April 2001

From University of Rochester

Study finds new way that brain detects motion

How hard to hit the brake is probably the most important judgment a driver can make, and though cognitive scientists have known for several decades that the brain uses changes in the visual image to measure self-motion, a scientist at the University of Rochester has uncovered a new trick that the mind uses to judge just how quickly we’re hurtling toward something. The findings are in the April 12 issue of Nature.

David C. Knill, associate professor of brain and cognitive sciences at the University of Rochester, found that the brain measures continuous changes in an object’s size to determine the rate at which the object is closing in. Scientists have long thought that the brain relies entirely on the relative motions of objects in the visual field, such as the speed at which the taillights of the car ahead of us appear to be moving apart. Knill has found that our brains utilize a second method that in many ways may be more important than the first.

“If our brains only used the motions of objects and not their changes in size, then situations like a busy street would confound our ability to navigate,” says Knill. “Imagine driving toward a crowd of people. The random movement of people in the crowd would add considerable ‘noise’ to the pattern of relative motions in your visual field. For example, just because two people appear to move apart does not mean that you are moving toward them. By monitoring how quickly objects grow or shrink, however, you can derive much more reliable information about how fast you are approaching.”

Complicating Knill’s work is the fact that size change and optic flow—the motion of an object in our visual field—are so tightly intertwined. When an image gets larger, its edges spread out across the retina. That movement is one of the cues the brain uses to measure how fast an object is approaching. Knill had to devise a way to increase the apparent size of an object without letting any part of it move in the visual field. His team came up with the ingenious idea of creating a video that looks like “growing” static—amorphous smudges of black and white that grow larger with each frame.

No single smudge or feature persisted from one frame of the video to the next, so there was no perception of motion. Instead, all-new smudges of a slightly larger size appeared in each successive frame of the two-second video. By controlling the rate at which the smudges grow, Knill was able to make viewers feel as if the amorphous mass was rushing toward them, even though no single part of any image in the video moved.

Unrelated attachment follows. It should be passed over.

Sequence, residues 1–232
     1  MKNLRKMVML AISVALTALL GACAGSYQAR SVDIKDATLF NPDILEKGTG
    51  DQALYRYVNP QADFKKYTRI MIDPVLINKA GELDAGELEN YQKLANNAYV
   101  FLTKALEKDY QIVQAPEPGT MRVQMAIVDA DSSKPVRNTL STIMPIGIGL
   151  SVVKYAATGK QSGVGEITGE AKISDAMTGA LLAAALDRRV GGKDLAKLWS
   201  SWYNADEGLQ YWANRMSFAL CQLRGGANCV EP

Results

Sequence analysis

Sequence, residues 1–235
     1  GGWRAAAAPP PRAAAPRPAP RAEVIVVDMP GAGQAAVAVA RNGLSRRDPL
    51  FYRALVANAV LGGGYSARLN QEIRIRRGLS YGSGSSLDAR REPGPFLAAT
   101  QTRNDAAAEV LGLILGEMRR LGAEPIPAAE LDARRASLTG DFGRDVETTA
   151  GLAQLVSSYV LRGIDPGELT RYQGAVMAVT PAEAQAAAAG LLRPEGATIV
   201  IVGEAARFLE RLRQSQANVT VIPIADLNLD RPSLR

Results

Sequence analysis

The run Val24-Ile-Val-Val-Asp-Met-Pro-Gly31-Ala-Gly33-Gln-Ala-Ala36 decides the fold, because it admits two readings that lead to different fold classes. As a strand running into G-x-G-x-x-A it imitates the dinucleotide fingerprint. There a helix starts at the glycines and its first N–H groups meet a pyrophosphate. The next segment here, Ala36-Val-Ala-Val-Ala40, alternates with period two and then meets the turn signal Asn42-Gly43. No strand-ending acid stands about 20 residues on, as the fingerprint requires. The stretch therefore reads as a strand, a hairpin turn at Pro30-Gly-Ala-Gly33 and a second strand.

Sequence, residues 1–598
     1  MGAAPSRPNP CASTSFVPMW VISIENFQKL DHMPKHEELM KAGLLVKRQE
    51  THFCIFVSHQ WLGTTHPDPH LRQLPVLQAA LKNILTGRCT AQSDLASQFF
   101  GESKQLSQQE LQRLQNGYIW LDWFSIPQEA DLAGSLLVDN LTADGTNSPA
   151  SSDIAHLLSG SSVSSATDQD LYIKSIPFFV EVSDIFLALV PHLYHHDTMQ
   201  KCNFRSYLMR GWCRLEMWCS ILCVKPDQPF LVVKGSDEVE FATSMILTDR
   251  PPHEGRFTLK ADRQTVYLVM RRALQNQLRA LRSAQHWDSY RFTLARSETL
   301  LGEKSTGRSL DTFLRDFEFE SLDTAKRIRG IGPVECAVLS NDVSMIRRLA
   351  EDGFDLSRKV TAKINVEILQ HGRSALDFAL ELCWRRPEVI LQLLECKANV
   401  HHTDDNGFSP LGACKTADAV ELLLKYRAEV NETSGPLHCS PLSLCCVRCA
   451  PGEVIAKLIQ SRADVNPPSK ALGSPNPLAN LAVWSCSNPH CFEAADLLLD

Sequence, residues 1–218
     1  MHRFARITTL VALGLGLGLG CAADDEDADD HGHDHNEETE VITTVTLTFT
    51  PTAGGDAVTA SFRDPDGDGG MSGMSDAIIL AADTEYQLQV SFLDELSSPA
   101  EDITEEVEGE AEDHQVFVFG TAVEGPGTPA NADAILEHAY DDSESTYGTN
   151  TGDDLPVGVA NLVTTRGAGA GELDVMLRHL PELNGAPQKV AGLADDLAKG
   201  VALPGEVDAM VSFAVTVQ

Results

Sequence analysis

Surprisingly, after viewing the test movies, people reported seeing stationary images as shrinking. This is an example of a perceptual after-effect and strongly suggests that our brains contain automatic mechanisms designed to directly measure changes in object size without using optic flow information.

In the future, Knill says he’d like to see studies done on people who can’t perceive motion properly, such as many Alzheimer’s disease patients, to learn whether they can still judge an object’s three-dimensional motion based on its changing size. Such studies could shed light on both how Alzheimer’s affects the brain, and how a healthy brain makes sense of the visual world around us. Even “seeing robots,” such as those that might someday drive your car for you, could be helped by this research since it describes a shortcut that programmers could use to help computers interpret a robot’s motion from real-world images.

Knill began the research while at the University of Pennsylvania, along with his graduate student, Paul R. Schrater, and Eero P. Simmoncelli, assistant professor at the Center for Neural Science at New York University. Knill continues his work in optic flow at the University of Rochester.












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